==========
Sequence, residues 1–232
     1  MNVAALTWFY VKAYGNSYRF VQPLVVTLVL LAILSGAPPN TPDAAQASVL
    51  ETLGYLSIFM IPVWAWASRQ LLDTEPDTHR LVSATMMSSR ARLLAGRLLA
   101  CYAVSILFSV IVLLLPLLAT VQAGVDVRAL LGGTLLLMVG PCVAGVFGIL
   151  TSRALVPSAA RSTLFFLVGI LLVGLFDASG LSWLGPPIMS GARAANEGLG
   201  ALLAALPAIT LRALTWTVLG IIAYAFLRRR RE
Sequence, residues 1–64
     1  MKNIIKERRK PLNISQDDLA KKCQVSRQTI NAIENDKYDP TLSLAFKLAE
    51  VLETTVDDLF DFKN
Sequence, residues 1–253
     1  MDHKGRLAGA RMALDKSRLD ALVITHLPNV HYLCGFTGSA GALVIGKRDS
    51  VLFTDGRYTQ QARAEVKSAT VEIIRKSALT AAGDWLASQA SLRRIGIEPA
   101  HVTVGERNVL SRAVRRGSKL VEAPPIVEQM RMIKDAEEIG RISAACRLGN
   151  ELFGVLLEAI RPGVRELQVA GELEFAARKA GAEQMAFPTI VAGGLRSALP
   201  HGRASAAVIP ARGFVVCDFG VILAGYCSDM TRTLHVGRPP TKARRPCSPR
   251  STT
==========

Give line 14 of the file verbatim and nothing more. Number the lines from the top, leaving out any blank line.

   151  ELFGVLLEAI RPGVRELQVA GELEFAARKA GAEQMAFPTI VAGGLRSALP